Most Jewish Diaspora youth say the Holocaust has shaped their worldview but does not play a role in their Jewish identity, a survey found.
The survey, based on questionnaires completed by 60,000 Jewish teens aged 15 to 17 from more than 20 countries over 12 years, will be presented Tuesday during a conference at Israel’s Bar-Ilan University, “Representing the Holocaust: New Perspectives.”
More than 90 percent of the teens, who were on youth group Israel trips, said the Holocaust has an influence on their worldview — more than a third indicated it was a “very important” influence.
By contrast, however, most of the teens did not believe the Holocaust and rising anti-Semitism today play a role in the formation of their Jewish identity. Only 21 percent of the youth indicated that they are Jewish in relation to the Holocaust. A series of other determining factors was more prominent in determining their Jewish identity, such as family, 96 percent; birth, 90 percent; religion, 72 percent; and culture, 67 percent.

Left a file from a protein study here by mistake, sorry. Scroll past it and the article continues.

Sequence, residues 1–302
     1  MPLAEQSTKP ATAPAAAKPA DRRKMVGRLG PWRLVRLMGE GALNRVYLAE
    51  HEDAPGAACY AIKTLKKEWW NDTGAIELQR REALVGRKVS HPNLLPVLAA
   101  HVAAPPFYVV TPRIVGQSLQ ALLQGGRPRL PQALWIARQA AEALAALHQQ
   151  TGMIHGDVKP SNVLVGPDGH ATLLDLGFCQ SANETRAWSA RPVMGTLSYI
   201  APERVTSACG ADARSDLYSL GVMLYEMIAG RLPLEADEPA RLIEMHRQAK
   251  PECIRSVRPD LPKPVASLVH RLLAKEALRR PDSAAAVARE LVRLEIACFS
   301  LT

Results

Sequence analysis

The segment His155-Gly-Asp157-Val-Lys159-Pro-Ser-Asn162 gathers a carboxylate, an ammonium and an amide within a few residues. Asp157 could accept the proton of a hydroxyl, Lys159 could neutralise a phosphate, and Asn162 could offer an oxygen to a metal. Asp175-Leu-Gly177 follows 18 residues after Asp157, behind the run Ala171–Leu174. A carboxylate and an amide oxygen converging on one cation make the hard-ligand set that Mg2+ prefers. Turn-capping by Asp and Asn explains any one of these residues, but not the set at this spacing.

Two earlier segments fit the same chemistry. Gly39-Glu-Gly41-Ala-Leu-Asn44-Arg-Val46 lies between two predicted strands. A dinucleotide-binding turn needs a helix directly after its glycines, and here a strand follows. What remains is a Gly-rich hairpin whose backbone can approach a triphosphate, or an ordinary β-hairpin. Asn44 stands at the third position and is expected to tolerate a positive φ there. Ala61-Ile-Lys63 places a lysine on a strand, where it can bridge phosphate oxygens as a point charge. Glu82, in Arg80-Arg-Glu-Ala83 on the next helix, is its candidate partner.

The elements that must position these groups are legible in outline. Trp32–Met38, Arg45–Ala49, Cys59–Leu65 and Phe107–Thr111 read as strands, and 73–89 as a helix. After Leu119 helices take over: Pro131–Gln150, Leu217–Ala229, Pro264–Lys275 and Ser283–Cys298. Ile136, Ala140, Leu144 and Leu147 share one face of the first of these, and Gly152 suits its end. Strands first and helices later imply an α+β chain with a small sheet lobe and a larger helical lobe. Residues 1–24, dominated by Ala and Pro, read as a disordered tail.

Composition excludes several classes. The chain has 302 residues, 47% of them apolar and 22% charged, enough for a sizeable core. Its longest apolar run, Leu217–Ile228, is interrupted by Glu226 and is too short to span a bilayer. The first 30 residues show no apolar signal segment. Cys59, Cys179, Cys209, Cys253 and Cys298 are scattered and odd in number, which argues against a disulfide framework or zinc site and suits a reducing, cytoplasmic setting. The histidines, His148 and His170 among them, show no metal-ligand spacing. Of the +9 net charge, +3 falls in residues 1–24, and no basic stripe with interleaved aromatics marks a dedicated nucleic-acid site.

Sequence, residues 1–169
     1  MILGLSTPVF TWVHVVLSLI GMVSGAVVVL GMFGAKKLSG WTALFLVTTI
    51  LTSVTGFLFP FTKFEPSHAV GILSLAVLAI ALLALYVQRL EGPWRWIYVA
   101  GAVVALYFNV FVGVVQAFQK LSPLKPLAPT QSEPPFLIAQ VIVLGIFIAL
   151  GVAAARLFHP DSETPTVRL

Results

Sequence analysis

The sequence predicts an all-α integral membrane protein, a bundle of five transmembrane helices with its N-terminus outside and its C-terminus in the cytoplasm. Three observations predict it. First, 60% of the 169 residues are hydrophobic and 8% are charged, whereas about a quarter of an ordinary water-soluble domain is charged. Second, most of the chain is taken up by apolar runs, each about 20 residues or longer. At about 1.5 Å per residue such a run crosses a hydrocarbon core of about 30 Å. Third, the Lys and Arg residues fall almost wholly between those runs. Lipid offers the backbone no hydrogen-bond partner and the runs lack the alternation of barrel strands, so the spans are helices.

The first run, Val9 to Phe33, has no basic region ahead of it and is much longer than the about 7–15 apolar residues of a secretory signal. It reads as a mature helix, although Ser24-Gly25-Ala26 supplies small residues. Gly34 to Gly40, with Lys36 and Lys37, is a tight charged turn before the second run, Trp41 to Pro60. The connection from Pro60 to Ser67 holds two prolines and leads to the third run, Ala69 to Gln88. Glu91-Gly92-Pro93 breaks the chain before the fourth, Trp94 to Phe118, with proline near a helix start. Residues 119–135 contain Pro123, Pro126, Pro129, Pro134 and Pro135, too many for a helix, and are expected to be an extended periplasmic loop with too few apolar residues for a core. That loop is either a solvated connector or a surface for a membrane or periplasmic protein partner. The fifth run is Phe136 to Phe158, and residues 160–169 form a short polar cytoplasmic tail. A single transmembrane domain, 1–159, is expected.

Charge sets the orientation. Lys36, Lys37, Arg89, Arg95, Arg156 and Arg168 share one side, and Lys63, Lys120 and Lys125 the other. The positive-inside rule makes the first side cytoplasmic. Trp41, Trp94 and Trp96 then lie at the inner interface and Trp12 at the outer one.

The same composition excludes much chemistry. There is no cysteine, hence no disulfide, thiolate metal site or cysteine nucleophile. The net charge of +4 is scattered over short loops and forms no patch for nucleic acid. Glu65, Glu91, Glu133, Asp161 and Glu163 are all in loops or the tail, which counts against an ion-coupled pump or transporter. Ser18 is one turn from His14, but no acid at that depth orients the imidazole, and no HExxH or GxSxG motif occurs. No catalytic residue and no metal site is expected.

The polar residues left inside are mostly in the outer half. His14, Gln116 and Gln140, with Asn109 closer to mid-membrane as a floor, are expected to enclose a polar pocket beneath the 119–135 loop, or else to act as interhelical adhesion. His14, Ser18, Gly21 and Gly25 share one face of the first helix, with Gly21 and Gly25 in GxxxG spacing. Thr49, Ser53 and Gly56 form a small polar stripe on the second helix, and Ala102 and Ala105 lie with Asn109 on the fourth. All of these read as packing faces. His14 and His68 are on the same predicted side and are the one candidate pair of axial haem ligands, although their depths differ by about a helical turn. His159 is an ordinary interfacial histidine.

“The Shoah is very important and really influences our worldview, but this fact doesn’t explain why we’re Jewish,” according to Erik Cohen of Bar-Ilan University’s Churgin School of Education, who compiled the research. “We are not Jewish because of the Shoah, even if it does have an influence on us.”